The nervous-looking Dortmund scouts perched in front of the press scribbled furiously through this entertaining game.
Yet they could have condensed their copious notes to just two comments. Liverpool have got a goals menace in them...and but still have a dracula-style fear of crosses!
On that basis – and on the evidence of this demolition of Stoke - Thursday’s season-defining Europa League showdown should be a spectacular, emotional ride.
If Jurgen Klopp has done one thing above all else since his arrival, it is to infuse his Reds attack with a latent threat whenever they go forward...no matter who he seems to select.
Hence the compelling sight of Daniel Sturridge combining eloquently with Roberto Firmino and promising youngster Sheyi Ojo in the first half, and then Divock Origi doing exactly the same with Adam Lallana after the break.
It brought a third goal in five starts for the under-appreciated Sturridge – who for all his detractors still has a touch of class – and a fine double for Origi, who is on the verge of announcing himself as a very special talent.
Indeed, despite an entertaining first half what happened from there seemed to explode from nowhere, prompting many to ask what happened? Well, Origi happened.
As Klopp said afterwards, the 20-year-old Belgian has stepped up a level, by building himself up in the gym, and proving an intimidating physical presence even Stoke couldn’t handle.
“He learnt everything from me!” the manager joked. “His development is because of his potential, and you see what confidence can do.
“He’s still a really young player. His last injury he used it to add a little bit of body strength and now everybody can see he needs a new kit!
“I’m not sure it’s five kilo of muscle, it may be more, but he had added it. He is in a good way, he sees it similar to us - he is on the way.”
No wonder the Dortmund scouts looked a touch wide-eyed as they left early, given their own team looked less than defensively accomplished in the Westfalenstadion last Thursday. With Klopp making seven changes here, if this was supposed to be Liverpool ressies, then their first must be some side.
The reality of course, is pitched below that. The Anfield team now have the beating of any side, as Stoke found to their devastated cost here, and even their impressive German opponents will surely feel.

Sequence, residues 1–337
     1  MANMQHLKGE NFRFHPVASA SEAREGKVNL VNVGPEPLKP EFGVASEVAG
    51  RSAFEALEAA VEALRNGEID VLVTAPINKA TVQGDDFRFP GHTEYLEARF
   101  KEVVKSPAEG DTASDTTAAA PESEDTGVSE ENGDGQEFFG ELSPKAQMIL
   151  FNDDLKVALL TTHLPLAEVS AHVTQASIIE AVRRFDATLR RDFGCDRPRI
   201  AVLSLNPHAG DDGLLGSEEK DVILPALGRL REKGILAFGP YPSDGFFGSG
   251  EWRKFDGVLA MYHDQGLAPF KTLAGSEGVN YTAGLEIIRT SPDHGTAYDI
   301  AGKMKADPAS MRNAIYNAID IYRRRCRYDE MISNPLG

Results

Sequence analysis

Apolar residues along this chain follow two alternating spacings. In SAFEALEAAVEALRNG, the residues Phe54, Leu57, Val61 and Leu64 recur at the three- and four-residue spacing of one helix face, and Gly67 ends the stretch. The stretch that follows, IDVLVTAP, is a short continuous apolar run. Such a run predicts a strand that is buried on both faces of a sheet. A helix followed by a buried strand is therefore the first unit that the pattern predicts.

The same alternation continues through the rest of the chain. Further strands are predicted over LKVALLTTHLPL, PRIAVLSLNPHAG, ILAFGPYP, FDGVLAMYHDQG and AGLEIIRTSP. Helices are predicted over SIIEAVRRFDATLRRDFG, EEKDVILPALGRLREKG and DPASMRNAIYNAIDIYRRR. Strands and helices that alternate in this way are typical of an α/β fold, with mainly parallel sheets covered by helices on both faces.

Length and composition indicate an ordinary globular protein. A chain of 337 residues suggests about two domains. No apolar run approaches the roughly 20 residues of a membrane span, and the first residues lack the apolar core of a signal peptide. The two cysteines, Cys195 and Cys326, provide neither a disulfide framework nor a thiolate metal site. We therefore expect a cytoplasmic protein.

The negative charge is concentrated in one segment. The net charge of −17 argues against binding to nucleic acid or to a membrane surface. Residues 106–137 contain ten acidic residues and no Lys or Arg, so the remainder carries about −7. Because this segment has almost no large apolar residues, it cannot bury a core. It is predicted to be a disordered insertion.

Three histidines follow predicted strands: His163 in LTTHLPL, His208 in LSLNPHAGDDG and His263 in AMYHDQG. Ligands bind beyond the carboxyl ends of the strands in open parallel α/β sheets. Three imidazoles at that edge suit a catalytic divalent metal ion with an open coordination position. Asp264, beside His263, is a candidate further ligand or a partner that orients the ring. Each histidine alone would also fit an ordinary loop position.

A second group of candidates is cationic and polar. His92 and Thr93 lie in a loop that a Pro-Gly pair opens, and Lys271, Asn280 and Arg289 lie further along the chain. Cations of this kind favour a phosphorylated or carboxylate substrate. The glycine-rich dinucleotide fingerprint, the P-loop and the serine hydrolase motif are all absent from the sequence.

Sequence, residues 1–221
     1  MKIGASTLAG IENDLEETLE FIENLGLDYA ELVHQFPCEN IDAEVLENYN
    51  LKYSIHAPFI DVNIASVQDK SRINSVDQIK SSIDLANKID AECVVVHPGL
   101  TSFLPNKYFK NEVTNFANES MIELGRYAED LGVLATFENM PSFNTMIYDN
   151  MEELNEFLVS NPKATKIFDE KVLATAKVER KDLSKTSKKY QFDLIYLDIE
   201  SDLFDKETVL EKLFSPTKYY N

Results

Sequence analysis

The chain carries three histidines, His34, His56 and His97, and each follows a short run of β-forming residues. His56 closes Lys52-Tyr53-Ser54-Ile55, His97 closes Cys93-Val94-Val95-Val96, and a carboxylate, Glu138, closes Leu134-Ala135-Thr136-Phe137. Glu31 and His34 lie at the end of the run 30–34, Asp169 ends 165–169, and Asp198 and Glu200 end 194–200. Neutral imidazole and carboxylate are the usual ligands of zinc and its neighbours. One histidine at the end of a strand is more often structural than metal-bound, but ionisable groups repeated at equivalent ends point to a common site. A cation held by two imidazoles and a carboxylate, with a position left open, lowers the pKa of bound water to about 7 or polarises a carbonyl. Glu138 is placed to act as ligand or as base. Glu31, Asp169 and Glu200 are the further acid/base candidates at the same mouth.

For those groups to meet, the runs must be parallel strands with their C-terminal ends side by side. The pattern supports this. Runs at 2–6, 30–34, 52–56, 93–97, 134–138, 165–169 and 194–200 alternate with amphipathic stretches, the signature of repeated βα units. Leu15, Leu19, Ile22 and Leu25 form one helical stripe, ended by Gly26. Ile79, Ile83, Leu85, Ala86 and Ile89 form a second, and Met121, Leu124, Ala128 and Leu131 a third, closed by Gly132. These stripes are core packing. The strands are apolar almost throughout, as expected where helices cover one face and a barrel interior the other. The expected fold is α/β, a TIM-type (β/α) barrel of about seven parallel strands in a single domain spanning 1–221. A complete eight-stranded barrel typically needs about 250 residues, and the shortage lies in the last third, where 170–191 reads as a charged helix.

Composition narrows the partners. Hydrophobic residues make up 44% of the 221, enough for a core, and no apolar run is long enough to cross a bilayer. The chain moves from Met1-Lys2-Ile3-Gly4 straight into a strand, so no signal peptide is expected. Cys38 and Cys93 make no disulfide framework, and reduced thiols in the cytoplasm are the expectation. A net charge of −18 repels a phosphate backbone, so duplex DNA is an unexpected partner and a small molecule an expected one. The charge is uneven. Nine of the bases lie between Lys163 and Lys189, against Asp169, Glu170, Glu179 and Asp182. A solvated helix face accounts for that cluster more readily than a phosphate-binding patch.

Yet they also have a weakness at the back that Klopp clearly feels he can’t truly address until the cavalry arrives next season. Here, he rested Sakho and Lovren, but their replacements in Kolo Toure and Martin Skrtel struggled at set pieces.
It led to a fine, open contest, that perhaps flattered the home side just a touch. They led through the rare sight of an Alberto Moreno goal, as the defender slammed one in after quick thinking from fine leader James Milner, for his first in 65 matches.
Stoke though, worked out Peter Crouch up front meant set pieces were always a threat, and they worked several around the box, all causing danger and eventually delivering a goal when little Bojan of all people escaped to plant a free header home.
The visitors had chances to lead from more set pieces, with Shawcross flashing a header wide and Crouch denied a goal by an offside flag, but it was the brilliance of young Ojo on his first Premier League start that turned the game when he supplied Sturridge at the far post.
An admiring Klopp couldn’t contain himself. “Usually you ask me about Sturridge, but I want to speak about him this time,” he said with a smile.
“He worked really hard, he wanted the ball always, and always really smart defending. He must close space smartly, and he did that brilliantly.”
If that seemed to suggest the England striker may be playing his way into the side for Thursday, then Origi had other ideas. He replaced Ojo at the interval, and took Stoke apart almost immediately.
First he ghosted onto Milner’s great delivery to steer home unmarked at the far post, and then he took the ball on the left, bulldozed past Phil Bardsley and cut inside to deliver a fine curling finish.
With these options, and the finesse of Firmino, Coutinho and Lallana to fit in, Liverpool have an embarrassment of riches to face Dortmund, and for all their Dracula style fear of crosses, they know their goal threat gives them the beating of the Germans.
For Stoke, Mark Hughes put it succinctly. “Unfortunately for us the story of the game was we were unable to stop the ball coming into the box, and when it did we were unable to defend it properly.”
Source: Daily Mirror
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